Too Many Venous Meetings (Podcast Ep. 3)

Vein Magazine Podcast with Dr. Steve Elias and guests Dr. Bill Marston and Dr. Mark Meissner

Welcome to VEIN Magazine with Dr. Steve Elias—Real discussions on venous disease and treatment.

Dr. Steve Elias joins Dr. Bill Marston and Dr. Mark Meissner to talk about the state of venous education meetings.

Are these meetings the best format for CME? Can online education be viable? Do the for-profit doctors treating veins attend these meetings?

Stay tuned for more, plus hard opinions on Bon Jovi.

Episode Transcript

Dr. Steve Elias: I thought this segment we can speak about one of the questions...are there too many meetings? Are there too many vein meetings? Are there too many wound meetings? Are we saturating the market, not just for us, as mostly faculty, but for attendees and also industry? Are there too many meetings? Bill-

Dr. Bill Marston: I think the question really is there too much education available to people that need it? I think that there is not a lot of the same people that go to all these meetings. People that go to say, the AVF aren't going to Venous Symposium or Jose's [Almeida] meeting, so I think probably in the venous world, we have a lack of meetings. There's not enough.

As Dan Monahan says, there's nothing regionally out on the West Coast, except for the West Coast [Vein Forum], which is sort of getting going. I think we may have too many meetings that the same people go to but not enough availability regionally.

Steve: Yeah, Mark. You're shaking your head about what he's saying.

Dr. Mark Meissner: That's exactly what I was gonna say. I think there are too many meetings localized within the same region of the country. In some ways, do compete may not draw the same people, but it's competing for the same audience. Particularly, the IVC and the New York Venus Symposium.

There needs to be more, particularly on the West Coast. Medicine in general is very East Coast-centric, particularly the population growth is on the West Coast. There really are no, other than when the ACP or the AVF go to the West Coast every other year. There's no main meetings on the West Coast to speak of.

Steve: Do you think a New York Venus Symposium could also be held at another time on the West Coast and call it the LA Venus symposium, or wherever the heck it's gonna be held? The same type of thing? You don't think there's over saturation for industry support?

Mark: Well, I think the problem is equally the meetings on the East Coast are parasitizing each other. If you got rid of one East Coast meeting, you may have another East Coast meeting that's twice as big, but shifted to the West Coast.

Bill: I think what you need are regional meetings that are not supported by the national part of the companies. They're supported by regional budgets.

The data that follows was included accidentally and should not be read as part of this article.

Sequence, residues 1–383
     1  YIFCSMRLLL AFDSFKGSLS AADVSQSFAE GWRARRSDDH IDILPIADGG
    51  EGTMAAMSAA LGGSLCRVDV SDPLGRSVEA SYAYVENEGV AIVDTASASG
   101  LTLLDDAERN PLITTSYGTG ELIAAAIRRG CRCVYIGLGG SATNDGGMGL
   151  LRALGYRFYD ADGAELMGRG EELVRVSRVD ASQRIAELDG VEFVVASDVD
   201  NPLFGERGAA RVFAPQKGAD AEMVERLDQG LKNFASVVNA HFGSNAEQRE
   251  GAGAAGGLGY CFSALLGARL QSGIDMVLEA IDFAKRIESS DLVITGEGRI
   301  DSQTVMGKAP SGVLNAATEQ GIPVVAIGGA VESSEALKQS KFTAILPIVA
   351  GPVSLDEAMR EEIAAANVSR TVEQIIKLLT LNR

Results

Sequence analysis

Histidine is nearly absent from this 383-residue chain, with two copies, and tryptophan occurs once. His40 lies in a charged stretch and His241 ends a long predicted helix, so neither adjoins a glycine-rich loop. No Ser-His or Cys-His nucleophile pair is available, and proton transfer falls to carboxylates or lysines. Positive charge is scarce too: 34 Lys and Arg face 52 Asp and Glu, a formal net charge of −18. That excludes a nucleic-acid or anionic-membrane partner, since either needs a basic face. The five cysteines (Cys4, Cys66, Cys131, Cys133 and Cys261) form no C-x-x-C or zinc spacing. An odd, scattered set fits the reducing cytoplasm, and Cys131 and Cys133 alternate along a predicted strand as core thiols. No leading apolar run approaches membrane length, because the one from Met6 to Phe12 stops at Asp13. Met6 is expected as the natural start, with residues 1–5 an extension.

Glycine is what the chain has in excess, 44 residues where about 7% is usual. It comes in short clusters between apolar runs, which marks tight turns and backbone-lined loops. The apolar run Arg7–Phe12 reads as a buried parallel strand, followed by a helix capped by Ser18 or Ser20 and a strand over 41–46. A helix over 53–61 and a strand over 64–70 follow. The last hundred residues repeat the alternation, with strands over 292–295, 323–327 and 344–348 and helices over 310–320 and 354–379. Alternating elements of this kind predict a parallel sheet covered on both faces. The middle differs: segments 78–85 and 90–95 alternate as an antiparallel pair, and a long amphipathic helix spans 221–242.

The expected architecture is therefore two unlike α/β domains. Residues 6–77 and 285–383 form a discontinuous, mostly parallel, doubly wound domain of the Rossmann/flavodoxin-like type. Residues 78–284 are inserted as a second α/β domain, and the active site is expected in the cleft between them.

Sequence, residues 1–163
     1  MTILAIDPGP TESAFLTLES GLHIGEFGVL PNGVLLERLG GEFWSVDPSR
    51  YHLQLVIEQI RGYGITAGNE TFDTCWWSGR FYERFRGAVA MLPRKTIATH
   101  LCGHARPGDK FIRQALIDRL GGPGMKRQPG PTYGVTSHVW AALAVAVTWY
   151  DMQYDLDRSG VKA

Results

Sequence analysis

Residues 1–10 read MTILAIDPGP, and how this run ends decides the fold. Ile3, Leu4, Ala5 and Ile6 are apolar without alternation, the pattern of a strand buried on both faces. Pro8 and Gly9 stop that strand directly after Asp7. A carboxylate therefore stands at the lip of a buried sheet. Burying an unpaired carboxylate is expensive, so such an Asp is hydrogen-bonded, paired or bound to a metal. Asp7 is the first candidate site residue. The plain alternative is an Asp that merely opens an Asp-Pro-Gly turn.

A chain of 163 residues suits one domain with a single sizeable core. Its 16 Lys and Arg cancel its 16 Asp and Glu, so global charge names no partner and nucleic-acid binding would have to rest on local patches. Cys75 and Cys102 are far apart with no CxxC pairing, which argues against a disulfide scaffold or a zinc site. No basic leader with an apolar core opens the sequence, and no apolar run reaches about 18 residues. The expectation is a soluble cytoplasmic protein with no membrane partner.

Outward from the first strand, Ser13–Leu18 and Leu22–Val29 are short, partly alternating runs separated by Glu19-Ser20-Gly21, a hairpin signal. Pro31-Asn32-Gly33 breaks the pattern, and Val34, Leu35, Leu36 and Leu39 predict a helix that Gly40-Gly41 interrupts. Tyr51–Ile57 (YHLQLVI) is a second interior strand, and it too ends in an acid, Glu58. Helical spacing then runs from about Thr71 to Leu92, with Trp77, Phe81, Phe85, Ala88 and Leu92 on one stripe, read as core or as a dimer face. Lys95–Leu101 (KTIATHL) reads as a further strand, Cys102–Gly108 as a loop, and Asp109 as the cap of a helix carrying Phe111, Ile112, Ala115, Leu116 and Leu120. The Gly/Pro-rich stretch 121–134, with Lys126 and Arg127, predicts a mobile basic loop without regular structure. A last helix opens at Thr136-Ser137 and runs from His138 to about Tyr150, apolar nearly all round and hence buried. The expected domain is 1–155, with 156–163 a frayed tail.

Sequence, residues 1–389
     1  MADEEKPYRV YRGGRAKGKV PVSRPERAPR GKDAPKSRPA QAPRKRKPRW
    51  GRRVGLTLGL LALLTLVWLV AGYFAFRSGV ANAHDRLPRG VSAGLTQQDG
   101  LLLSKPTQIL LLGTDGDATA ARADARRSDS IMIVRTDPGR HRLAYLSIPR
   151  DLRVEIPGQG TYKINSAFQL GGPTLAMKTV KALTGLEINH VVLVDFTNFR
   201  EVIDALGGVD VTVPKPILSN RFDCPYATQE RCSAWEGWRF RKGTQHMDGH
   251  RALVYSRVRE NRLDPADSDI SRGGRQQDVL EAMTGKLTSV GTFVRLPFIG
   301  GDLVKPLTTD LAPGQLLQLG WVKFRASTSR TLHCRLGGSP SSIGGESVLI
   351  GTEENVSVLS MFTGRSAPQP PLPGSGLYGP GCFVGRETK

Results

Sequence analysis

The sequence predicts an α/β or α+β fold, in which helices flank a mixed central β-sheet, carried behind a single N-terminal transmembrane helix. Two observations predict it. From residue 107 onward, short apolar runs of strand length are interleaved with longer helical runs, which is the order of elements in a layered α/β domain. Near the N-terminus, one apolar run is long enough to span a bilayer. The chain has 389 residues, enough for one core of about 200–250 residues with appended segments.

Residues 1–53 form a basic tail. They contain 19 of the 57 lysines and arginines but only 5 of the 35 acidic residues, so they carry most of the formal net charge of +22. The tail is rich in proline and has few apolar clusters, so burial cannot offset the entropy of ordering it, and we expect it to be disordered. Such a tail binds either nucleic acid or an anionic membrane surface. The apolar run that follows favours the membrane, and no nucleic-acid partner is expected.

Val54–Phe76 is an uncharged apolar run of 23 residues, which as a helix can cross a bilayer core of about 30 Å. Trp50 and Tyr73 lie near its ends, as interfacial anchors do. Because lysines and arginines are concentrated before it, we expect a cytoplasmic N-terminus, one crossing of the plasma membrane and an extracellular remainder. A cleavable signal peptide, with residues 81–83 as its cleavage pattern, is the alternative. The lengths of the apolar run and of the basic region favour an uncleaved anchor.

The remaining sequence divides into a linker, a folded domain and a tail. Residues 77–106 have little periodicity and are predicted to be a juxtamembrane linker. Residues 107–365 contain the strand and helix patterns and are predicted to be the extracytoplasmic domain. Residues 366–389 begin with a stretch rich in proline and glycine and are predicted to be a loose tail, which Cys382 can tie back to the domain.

For instance, if there's not been a meeting in the Pacific Northwest that focuses on Venus Disease. Those regional people are happy to support something that's gonna bring their people that they can market to, so they don't have to travel to New York or Miami to do it. You're not gonna get most of those people to travel those distances.

Steve: No they don't. And that's been the problem with the, in the opposite direction, with the meetings that are held on the West Coast by the various societies, like you guys said, The AVF and ACP.

Bill: The difficulty for taking the New York and going out there is that it takes a while to build it. Those first few meetings you may not be as successful if your goal is to have a 500 person meeting. If your goal is to have 100 people and you do it that way, then it's more achievable.

But it's better also then, if it's done by local. If the experts at UW do that meeting and other people from that region. They then have an interest in getting referrals from those other people.

That's what we've done in a wound side. Where there's saturation with big meetings trynna have big boosts for industry. But those smaller regional ones, there's a real need for. That's been really successful for us. We have one every other year that we do like that.

Steve: So you do it every other year?

Bill: In the Carolinas and-

Steve: Yeah you do in the Carolinas. But how do you deal with The West Coast?

Bill: Well, there's one meeting that moves around to a couple different locations. Modern wound care meeting. It's in Seattle sometimes, it's been in New Orleans, Portland. And it's the same agenda essentially.

You tweak it. But similar faculty, so you can plug it in wherever you wanna go. The idea there is to be successful on 75-100, you know, the size of a meeting like this.

Steve: So Mark. First of all, there is a lot of people West of the Mississippi that are treating vein disease. Certainly a lot of people on the West Coast. A lot of significantly well-known people like you and others that can run meetings?

What's the problem there? Why is it that the West Coast has not really been a hotbed?

Mark: As you know, Steve. I think it takes somebody who has both the time and commitment to it to organize the meeting. Because putting on a meeting is a big project and I think it's sort of in that. Also, I think it lacks some of the industry impetus on the West Coast as well, old meetings on the West Coast.

Steve: Yeah, we've had this discussion with the industry. From the industry viewpoint, they would rather we consolidate meetings than have more meetings.